Teams can then use some coded messages to communicate to their drivers if the plan has changed (although there are limits to how coded they can be). Oftentimes a team needs to make some alterations to their strategy mid-race depending on what’s happened throughout the race or if their tire wear is better than expected for example.
In order to carry the message across to their driver without informing other teams of their plan, coded radio messages are important. Teams use simple coded radio messages such as “Plan A” and “Plan B” to inform their driver of the strategy that they are planning on using. The driver would have been briefed about the different plans before the start of the race.
F1 drivers do need to speak English. Formula 1 is a global sport and it’s important for the drivers to be able to speak English, which is the main broadcast language of the sport. This is especially important for team radio, but many post-race interviews will be in other languages.
Formula 1 press conferences held on Thursdays before the race weekend gets underway are always done in English. Drivers need to be able to understand the questions directed at them and they need to be able to respond to them. The same goes for questions asked after every session by journalists.
Formula 1 drivers also need to attend several different events for their sponsors or for their team’s public relations, and this would also require them to understand and speak English. Oftentimes the drivers need to interact with fans and other interviewers during these events.
Drivers do not have to have perfect English skills in order to be in Formula 1, after all, it is a global sport. However, at the very least they need to be able to have a conversation in English, even if it’s basic English skills.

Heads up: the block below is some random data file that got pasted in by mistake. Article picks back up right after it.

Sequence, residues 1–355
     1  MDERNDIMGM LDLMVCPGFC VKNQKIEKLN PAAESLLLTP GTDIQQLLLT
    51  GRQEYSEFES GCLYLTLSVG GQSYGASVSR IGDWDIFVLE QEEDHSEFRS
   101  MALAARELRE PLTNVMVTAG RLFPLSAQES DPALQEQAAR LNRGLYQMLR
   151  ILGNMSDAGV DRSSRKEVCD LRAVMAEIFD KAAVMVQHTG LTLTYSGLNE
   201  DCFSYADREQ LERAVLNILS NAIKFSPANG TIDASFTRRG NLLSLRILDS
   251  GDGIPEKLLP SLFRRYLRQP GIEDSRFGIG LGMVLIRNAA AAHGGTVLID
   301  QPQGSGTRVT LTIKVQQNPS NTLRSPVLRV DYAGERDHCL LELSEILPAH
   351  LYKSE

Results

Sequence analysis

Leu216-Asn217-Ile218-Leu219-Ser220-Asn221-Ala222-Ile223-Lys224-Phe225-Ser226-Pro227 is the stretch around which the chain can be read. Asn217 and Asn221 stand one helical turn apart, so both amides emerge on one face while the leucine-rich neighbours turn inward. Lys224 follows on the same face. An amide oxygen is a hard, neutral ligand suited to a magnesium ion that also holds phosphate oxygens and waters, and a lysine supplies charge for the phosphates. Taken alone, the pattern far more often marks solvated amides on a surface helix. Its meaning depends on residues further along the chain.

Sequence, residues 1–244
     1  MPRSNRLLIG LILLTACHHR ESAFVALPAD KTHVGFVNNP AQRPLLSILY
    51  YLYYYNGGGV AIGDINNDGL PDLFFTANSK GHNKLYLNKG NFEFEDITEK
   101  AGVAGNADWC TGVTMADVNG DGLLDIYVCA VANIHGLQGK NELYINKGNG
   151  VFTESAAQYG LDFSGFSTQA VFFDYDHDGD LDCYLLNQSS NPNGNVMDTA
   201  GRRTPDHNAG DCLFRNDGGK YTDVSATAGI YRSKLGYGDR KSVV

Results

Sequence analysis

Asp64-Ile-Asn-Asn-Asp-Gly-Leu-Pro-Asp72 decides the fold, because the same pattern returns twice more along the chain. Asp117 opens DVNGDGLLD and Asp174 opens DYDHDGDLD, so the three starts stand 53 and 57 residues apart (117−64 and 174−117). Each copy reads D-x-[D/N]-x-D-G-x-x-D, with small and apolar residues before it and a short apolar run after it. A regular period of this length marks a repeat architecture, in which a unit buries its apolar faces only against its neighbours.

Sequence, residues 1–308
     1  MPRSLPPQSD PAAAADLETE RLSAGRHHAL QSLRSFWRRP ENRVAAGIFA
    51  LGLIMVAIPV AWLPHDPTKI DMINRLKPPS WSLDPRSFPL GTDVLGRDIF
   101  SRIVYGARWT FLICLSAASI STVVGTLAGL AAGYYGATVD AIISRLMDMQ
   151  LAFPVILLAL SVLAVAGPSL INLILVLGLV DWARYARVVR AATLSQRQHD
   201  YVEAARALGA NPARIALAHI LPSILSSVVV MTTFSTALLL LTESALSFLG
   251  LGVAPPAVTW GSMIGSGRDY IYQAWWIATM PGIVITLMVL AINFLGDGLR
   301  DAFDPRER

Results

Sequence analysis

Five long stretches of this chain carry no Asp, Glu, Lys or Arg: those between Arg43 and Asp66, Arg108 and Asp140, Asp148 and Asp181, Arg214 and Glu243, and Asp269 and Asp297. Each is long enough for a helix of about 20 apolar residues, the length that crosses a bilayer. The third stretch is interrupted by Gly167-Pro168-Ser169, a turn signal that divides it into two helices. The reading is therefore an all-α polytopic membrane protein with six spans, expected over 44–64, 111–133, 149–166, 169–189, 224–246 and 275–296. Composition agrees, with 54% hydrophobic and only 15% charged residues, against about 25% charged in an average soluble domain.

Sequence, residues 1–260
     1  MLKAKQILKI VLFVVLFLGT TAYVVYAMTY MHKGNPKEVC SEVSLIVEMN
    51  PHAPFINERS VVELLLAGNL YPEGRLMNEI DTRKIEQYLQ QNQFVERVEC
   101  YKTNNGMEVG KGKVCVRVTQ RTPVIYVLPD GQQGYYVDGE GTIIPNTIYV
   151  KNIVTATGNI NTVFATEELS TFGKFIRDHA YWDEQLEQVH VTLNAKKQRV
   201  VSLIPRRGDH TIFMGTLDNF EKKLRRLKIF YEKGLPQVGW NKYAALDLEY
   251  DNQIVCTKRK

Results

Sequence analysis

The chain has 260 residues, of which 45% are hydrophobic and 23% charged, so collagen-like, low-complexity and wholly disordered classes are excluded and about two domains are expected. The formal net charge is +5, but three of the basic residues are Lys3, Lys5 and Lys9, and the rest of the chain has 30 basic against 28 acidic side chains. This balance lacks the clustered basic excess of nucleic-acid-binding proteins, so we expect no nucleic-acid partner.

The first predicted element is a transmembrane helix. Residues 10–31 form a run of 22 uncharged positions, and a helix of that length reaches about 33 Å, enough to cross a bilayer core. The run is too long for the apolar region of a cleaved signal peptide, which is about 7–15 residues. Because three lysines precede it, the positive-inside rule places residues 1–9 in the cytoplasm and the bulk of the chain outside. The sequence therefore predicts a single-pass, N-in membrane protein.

There are some circumstances where drivers do not have to speak English. We’ll often see some drivers speaking their home languages, but it’s rare to see this happening on the global live feed that Formula 1 broadcasts.
Drivers do not need to speak English when they are in the garage among their engineers and crew members. For example, with much of the Ferrari crew being Italian, some drivers might speak in Italian to the crew members if they are fluent enough. When it comes to engineers and crew members, many are less fluent in English and are able to converse better in their home language.
Drivers are sometimes asked to give a few words in their own language after the podium ceremony. This was often the case before the mid-2010s, as each driver that finished in the top three would speak in their own language after they had given their English interview.
With Formula 1 being a global sport, we often see journalists from all around the world as well. If drivers meet with journalists that speak their language, they can conduct their interviews in their own language for their fans back at home. For example, Max Verstappen would do Dutch interviews for Ziggo Sport.
All F1 drivers do need to understand and speak reasonable English if they are to race in Formula 1. Drivers need to conduct many of their interviews for Formula 1 press conferences in English, and they normally speak English on their team radios as well.